Oculus Quest Hands-On: Freedom to Explore VR


Feb 16, 2015
does this have the same out of range issues the windows MR sets have for the controllers? or do the extra cameras expand the FOV enough to cover a bigger range ?
You definitely need to clean up around your house. I think I might even see some cobwebs. >_>

I suspect that the extra cameras should improve on that. It looks like they cover a much wider combined field of view, likely covering everywhere except completely behind the wearer reasonably well. Though I suppose if you turned your head to one side, that could result in a hand on the other side not getting tracked properly in some cases.



You probably know this, but that photo is clearly taken at a staged event. I guess it's themed around this demo:
... as I found out to creepy effect during Face Your Fears 2. I was quickly unnerved by the creaking doors, hapless screams and gentle skittering of legions of deadly spiders threatening to feast on my corpse.

They could still do coarse tracking of unseen controllers with an embedded IMU.

Joe Black

Jul 3, 2013
Very impressive. Although I still feel that they should split the headset from the computational device. The headset should be as comfortable as possible. There are parts of the human body much better suited to carrying weight, and discomfort,than the human head. As small comfortable backpack could pack a lot more horsepower than this ever could. But on the other hand I suppose it's a worthy goal in the long run to aim for a lightweight, comfortable and powerful headset only solution.

The writer holds staged events at her house? All the more reason to tidy things up a bit! : D

I'm sure they do, but so do the Windows Mixed Reality headsets, and those are said to have tracking issues at times when operating outside of the field of view of the headset's cameras, where the tracking can become unreliable after some seconds. Something like pulling back an arrow and trying to aim it precisely with a hand over the shoulder might potentially cause issues, though it's also possible that better software interpretation of the data could maintain somewhat more reliable tracking in such situations. And in this case, the additional cameras would undoubtedly help a lot at increasing the size of the area that is fully-tracked.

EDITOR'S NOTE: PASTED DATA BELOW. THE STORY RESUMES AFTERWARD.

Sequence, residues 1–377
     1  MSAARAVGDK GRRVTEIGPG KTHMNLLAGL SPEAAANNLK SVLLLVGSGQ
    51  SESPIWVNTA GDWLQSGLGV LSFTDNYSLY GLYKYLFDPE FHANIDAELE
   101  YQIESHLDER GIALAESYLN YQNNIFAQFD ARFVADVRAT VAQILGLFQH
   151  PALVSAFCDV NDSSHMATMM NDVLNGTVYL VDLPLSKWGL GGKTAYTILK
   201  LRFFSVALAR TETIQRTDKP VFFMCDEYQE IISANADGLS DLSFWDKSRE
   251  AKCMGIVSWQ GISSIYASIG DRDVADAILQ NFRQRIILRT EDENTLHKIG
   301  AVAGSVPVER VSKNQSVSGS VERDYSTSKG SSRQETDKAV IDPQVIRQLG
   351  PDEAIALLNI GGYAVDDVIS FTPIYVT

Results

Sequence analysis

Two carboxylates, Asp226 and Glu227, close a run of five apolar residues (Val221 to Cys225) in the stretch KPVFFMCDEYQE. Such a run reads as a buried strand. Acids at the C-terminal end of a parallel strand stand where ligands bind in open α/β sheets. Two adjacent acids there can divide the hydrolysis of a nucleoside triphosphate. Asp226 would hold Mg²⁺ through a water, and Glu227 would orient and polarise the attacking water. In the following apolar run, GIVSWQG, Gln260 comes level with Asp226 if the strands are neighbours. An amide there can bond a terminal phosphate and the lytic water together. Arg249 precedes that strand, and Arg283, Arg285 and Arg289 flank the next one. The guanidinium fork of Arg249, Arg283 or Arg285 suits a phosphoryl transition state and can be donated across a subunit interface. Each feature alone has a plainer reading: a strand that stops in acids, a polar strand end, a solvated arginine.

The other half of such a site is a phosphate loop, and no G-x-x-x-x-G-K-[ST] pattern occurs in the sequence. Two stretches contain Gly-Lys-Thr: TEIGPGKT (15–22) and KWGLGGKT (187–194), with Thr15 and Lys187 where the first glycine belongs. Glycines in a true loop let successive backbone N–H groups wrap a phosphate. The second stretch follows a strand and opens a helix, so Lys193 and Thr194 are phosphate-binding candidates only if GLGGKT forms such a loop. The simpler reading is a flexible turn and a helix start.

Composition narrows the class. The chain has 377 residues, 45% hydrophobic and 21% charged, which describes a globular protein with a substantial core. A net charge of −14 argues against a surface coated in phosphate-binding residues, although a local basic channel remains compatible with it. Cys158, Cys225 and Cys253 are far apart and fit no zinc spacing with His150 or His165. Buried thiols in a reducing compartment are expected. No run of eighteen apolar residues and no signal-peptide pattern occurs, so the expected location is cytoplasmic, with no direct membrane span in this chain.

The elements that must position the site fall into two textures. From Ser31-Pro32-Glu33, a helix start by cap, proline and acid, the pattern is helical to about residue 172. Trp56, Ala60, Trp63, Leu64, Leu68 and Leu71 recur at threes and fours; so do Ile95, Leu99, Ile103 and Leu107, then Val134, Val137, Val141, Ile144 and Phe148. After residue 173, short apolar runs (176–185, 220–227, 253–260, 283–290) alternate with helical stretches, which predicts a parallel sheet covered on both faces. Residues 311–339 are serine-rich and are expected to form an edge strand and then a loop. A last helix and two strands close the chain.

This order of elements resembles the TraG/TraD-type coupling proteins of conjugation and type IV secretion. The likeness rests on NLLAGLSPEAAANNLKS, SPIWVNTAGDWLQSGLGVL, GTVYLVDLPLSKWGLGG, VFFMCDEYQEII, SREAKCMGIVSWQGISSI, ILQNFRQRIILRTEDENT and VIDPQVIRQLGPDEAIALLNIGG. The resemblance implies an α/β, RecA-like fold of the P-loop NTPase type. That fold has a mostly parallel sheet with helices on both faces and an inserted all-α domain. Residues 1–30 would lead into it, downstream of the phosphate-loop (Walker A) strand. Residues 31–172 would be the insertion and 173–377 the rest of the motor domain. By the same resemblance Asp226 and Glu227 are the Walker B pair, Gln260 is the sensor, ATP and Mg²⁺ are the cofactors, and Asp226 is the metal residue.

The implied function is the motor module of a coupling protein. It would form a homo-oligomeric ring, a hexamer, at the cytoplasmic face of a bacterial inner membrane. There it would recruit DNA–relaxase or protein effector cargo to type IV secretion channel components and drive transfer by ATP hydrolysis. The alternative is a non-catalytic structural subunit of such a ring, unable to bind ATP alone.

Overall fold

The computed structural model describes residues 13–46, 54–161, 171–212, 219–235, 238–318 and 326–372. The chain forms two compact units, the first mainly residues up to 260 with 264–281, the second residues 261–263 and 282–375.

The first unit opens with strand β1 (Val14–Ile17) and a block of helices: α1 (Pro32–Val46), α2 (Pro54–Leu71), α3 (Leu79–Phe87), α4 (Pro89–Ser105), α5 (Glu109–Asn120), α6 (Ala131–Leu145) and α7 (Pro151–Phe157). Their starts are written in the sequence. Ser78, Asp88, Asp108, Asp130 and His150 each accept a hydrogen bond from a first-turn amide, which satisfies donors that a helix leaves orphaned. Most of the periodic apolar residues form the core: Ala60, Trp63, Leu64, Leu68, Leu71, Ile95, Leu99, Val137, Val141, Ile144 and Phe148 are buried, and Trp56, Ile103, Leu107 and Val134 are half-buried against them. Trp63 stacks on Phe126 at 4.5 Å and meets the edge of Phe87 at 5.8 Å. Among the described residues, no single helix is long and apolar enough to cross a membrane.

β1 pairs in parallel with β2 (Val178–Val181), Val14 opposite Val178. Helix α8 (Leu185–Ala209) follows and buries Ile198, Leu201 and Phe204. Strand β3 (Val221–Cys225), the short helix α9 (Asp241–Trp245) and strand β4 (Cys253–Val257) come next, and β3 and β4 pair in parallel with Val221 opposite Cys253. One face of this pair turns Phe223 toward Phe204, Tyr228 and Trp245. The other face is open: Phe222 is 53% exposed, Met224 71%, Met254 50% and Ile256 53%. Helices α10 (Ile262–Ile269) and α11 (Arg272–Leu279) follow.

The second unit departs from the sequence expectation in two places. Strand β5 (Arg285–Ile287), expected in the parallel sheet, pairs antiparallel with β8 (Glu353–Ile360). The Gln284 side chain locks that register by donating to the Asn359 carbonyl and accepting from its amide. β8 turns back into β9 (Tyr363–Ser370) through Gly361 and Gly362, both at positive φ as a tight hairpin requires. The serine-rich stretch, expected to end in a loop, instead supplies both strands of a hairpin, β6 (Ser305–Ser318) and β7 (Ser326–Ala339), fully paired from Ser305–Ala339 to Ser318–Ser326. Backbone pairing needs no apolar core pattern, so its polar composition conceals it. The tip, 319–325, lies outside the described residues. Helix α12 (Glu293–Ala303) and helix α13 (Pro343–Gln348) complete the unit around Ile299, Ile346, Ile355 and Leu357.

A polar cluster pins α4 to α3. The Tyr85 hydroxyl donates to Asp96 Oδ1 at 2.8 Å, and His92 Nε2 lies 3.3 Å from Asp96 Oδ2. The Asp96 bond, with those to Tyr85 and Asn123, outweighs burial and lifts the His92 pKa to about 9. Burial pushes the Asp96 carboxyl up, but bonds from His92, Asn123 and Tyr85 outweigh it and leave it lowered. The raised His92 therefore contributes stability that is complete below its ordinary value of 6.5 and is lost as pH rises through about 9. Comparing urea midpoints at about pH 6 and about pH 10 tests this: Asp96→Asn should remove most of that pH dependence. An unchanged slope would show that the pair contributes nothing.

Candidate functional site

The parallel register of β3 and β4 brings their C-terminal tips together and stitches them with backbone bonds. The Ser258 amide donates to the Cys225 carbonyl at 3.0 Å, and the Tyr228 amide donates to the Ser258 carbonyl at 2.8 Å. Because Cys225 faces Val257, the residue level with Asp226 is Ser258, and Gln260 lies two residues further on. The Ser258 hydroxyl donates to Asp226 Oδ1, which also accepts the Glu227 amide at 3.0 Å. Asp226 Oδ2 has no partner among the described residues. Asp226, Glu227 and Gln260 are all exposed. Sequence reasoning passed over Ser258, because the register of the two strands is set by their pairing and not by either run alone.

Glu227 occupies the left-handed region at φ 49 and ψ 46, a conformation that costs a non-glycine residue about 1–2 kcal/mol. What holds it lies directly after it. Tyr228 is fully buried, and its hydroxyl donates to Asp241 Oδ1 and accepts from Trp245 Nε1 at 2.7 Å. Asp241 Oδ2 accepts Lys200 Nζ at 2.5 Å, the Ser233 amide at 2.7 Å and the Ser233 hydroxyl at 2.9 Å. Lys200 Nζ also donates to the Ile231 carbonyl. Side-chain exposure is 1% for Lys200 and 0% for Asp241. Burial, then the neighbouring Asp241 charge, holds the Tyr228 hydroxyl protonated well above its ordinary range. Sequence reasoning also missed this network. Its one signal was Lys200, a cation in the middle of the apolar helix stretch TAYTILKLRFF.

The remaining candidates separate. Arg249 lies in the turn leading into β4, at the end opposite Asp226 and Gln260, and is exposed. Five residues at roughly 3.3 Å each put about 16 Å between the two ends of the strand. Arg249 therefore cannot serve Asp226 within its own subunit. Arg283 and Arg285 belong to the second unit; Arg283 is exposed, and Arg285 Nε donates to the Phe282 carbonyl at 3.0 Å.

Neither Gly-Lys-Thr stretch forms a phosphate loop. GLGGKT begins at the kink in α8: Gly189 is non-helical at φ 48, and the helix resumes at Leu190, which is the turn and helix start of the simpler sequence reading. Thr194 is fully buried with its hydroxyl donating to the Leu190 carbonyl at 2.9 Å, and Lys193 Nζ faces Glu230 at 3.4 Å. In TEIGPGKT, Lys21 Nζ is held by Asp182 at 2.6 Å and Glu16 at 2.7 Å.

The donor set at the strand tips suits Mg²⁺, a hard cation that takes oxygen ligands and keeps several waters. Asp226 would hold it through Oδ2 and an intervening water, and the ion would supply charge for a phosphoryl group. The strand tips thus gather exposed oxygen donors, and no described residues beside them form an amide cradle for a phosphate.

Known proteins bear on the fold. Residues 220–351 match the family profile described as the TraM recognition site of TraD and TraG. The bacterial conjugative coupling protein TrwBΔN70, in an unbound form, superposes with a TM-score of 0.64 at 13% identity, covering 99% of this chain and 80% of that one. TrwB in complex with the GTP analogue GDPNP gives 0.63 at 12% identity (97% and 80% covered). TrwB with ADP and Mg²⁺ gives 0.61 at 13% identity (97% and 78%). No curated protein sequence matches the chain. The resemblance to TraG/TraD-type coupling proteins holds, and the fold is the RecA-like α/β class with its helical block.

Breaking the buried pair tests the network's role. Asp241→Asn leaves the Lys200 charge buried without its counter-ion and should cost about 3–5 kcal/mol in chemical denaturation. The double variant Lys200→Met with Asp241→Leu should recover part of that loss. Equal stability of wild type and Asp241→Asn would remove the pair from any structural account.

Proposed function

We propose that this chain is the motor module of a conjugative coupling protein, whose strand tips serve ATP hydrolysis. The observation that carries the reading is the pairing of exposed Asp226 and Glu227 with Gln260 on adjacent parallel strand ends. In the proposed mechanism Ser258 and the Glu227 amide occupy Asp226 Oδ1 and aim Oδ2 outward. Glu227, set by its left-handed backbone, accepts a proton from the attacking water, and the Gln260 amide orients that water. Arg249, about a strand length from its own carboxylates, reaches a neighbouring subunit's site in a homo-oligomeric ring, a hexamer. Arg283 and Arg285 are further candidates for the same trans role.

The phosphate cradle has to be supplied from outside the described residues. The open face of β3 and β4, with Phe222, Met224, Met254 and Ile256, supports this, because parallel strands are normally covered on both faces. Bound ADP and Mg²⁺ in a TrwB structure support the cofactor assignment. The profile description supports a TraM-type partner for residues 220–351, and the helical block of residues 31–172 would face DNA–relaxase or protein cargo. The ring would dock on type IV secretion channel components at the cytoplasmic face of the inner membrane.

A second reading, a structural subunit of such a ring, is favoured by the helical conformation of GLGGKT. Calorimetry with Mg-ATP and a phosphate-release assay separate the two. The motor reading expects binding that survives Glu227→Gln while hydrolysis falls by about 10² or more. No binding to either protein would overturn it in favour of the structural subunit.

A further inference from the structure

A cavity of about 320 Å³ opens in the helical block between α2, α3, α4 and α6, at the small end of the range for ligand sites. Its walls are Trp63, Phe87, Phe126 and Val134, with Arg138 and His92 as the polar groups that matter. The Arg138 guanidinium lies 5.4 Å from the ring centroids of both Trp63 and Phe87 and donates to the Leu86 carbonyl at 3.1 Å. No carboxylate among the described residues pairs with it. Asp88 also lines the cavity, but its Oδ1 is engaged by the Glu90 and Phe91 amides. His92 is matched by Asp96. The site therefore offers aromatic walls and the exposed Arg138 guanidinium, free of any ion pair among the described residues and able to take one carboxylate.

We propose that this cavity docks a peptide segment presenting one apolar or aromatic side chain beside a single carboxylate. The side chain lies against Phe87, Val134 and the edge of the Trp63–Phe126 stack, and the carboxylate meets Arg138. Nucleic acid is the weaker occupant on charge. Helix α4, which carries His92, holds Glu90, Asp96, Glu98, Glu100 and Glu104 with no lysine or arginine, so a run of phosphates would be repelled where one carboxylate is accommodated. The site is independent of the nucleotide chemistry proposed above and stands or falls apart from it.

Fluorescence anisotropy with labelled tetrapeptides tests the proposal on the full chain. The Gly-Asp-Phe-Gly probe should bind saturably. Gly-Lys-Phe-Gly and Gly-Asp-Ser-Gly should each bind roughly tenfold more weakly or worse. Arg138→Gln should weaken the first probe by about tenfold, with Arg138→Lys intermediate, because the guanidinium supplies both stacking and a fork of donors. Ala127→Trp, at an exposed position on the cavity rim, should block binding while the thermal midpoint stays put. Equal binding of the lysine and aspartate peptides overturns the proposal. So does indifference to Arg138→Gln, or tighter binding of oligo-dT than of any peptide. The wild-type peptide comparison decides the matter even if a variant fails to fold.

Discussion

I definitely agree. This is the approach taken by Magic Leap, although it was more of a necessity for them.

Here's a thought - if the HMD supported some sort of wireless connectivity standard, then you could use the same HMD both with a PC and with a hip-pack or backpack compute unit. Maybe high-end cell phones would even pickup support for the wireless standard.

Anyway, the main downside would be more cost, if building two units + a connection cable. But the benefits would include more battery life, more comfort (obviously), and more horsepower (i.e. the compute unit could generate more heat and accommodate better cooling).



True, there are cases where the hands could be out of view of the HMD for longer periods. Seconds is long enough to start getting drift.

Maybe they'll devise some clever deep learning-based calibration scheme. It could use online learning to automatically calibrate the drift of each IMU, as it's being used. It shouldn't take a very big network.

Also, this. Maybe even just one rear fisheye camera (which could also warn against backing into physical obstacles).